A few days ago I wrote about how I’ve been coping with my gym workouts while dealing with my pain and discomfort [if you’re interested, more details in my health history]. Modifying my workouts at the gym has been helpful. With jiu-jitsu, however, it has been a bit more challenging.

At first I thought that drilling wouldn’t be a problem. I was wrong! There were some moves that were ok, but since I’ve been experiencing most of my pain in the lower left and lower right sides of my abdomen, anything that involves bending, twisting, or even lying on my side has proven to be difficult — which basically covers most of my movements on the ground!

The thing is, I knew I’d have physical limitations, but it has been the mental struggle that has been harder. It was hard not to feel like I was losing my skill or that I was regressing. It was hard not to feel frustrated when a basic position such as closed guard felt impossible or a bit depressed realizing that there was no way I could lock up a triangle choke (it’s temporary, I know – but still). The list goes on. I can’t tell you hard it was to get myself out the door and to class when I knew how limited my movement would be. I knew it was important to go and I knew that learning occurred on many different levels, but still — going to class when feeling so awful was tough.

As frustrating it has been, I have been forcing myself to try and focus on the positives [it’s all about perspective]. I have been trying to look at my current (temporary, I hope) circumstances as an opportunity for me to approach my learning and practice from a different perspective. First of all, it made me aware of how much jiu-jitsu is a total body workout. I mean, I know that you use your body and the evidence of it being a full body workout definitely comes out during sparring, but I don’t think I ever focused on this as much during drilling. Whether you’re working from the top or the bottom or attacking arms, the neck, or legs – everything is connected. A sweep is not just about hooking the leg and pushing it over. It’s about having good grips, tightening your core, using just the right amount of energy to stay rigid for control but also relaxed for movement. Being limited with my mobility and having pain stop me from freely flowing was frustrating – but it was also informative and it reminded me of how everything needs to work together for maximum efficiency and effectiveness.

I had practiced the balloon sweep before, but I had never managed to follow it up by ending in full mount. I totally surprised (and thrilled) myself when it finally all came together. It was moments like these – successfully managing a move I struggled with before – that reinforced the importance of coming to class and trying my best. I could have easily written this off as something I would try ‘when I get better’ — but being able to accomplish this in my current state was a great moment for me and gave me a much needed mood boost.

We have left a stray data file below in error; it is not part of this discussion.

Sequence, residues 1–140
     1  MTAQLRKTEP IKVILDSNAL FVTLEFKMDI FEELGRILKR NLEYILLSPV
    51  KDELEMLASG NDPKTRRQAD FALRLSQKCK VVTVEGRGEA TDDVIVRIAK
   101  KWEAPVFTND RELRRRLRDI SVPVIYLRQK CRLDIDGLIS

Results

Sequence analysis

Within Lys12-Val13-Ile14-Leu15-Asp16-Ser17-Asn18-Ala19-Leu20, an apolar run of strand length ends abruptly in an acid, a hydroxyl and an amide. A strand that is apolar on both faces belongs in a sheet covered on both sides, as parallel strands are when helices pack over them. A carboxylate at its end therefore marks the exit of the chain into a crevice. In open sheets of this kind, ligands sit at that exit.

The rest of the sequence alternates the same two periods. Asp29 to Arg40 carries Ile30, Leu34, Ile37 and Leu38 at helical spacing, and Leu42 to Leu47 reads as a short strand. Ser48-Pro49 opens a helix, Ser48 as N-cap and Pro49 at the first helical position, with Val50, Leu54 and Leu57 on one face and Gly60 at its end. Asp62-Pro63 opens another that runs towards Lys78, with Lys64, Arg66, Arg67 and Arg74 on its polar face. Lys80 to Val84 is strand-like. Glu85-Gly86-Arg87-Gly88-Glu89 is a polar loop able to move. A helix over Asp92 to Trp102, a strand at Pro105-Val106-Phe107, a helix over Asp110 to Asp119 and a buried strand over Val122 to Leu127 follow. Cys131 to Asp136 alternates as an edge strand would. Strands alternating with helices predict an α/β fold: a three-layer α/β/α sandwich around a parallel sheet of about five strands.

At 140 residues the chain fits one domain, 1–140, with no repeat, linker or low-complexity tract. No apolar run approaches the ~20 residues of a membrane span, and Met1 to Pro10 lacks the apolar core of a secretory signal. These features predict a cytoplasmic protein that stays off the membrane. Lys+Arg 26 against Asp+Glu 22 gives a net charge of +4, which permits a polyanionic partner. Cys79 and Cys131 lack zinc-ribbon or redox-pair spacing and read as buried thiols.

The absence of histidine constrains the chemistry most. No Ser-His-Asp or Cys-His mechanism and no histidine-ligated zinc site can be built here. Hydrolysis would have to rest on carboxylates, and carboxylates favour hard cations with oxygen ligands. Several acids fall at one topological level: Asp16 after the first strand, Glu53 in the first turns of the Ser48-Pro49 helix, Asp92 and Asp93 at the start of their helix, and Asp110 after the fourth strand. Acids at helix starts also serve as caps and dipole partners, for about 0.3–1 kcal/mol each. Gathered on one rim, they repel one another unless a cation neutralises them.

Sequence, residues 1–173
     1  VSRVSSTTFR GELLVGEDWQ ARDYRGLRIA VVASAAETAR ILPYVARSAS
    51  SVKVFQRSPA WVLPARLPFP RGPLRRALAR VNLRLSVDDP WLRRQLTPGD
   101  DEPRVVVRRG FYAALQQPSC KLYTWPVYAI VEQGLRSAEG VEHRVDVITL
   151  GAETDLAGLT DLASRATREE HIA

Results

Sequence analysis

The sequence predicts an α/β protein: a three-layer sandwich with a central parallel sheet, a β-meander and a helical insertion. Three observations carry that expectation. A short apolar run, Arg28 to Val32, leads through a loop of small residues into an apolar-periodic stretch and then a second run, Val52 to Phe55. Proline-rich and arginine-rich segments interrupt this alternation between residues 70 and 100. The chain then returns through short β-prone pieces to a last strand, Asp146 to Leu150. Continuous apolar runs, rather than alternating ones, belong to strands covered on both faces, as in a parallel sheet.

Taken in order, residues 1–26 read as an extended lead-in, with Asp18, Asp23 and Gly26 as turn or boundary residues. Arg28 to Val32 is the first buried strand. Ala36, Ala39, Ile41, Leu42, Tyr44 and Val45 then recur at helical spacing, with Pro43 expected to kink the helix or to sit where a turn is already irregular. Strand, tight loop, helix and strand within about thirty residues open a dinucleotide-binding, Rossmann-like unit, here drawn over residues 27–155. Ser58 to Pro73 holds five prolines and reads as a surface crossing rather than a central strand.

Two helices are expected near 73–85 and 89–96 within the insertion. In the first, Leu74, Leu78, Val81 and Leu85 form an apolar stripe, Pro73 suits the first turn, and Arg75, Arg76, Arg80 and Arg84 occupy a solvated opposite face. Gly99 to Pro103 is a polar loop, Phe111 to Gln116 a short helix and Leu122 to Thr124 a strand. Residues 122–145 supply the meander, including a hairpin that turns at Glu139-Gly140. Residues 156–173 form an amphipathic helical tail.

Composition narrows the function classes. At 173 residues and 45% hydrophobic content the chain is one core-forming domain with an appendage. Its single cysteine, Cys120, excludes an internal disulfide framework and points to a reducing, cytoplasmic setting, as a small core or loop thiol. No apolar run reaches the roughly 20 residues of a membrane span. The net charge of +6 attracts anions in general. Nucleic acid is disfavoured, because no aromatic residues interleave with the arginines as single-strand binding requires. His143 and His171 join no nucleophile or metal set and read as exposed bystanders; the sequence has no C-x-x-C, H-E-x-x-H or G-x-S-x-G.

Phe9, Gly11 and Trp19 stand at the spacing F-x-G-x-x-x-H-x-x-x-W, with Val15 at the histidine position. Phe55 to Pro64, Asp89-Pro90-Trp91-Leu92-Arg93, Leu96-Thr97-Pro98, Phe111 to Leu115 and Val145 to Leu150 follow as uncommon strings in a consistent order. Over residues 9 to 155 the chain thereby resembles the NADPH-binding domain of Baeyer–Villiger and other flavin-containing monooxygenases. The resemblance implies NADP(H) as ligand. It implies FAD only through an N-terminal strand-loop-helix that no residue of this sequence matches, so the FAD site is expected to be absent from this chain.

Being limited with my ‘usual’ movements also forced me to practice moves on the ‘other’ side. For example, being in Z guard with my left shin across my partner’s torso was difficult, but using my right shin was not. Suddenly switching sides forced me to rethink my moves. It made me realize how important it was to start practicing on both sides. I wouldn’t want to be caught in a situation where I needed to defend myself but wasn’t able to because I wasn’t ‘attacked on the right side’!

Even though I was struggling and even sitting down on the mat was getting to be difficult, I made a promise to myself to go to as many classes as possible. Knowing that my upcoming surgery will keep me off the mats for a couple of months meant I needed to make the most of the time I had. A light spar was better than no spar; a few reps was better than no reps; coming to class and watching was better than not coming to class at all. It has definitely been an adjustment, but I have been trying to take it all in stride.

drilling a few reps is better than no reps

a light spar is better than no spar

In class I have been selective with my training partners – going with those who can go light even when drilling – and I’ve been doing only as much as I can handle in terms of pain. I learned, the hard way of course, that even if I feel good on the mats and I decide to spar, the next day I will suffer the consequences! I have been trying to stay off pain killers as much as possible, which has meant that I have needed to be even more careful with my training.

testing my limits — closed, half, X, and Z guards were very tough — but open guard was doable

when doing ground techniques became too difficult, I switched my focus to practicing my standing techniques – from front grabs to back grabs to weapon defenses – it was a great way to make use of my time on the mats

Just like the modifications I’ve had to make at the gym, the adjustments on the mats have been informative. They’ve made me aware of things that I want to focus on once I am able to properly return. They’ve even given me an idea of how I want to use my recovery time in terms of not being out of touch with my practice.

I’d be lying if I said I wasn’t a bit worried or anxious about how long I’ll be off the mats. However, I know I need to push those worries aside and focus on the fact that I will be back and I will continue. I guess my need to ‘pause’ my training can even be linked to what I learned at the Academy this past January — about the importance of pauses during movement. I know that if I continue to move right now without pausing, I will hurt myself more in the long-run. This is the time to take a step back and regain control of my health. Pausing now will allow me to come back stronger – at least that’s the hope. Besides, I know that when you’ve taken on a practice you plan to do forever, a few months off is not that long in the scheme of things. The important thing is to come back.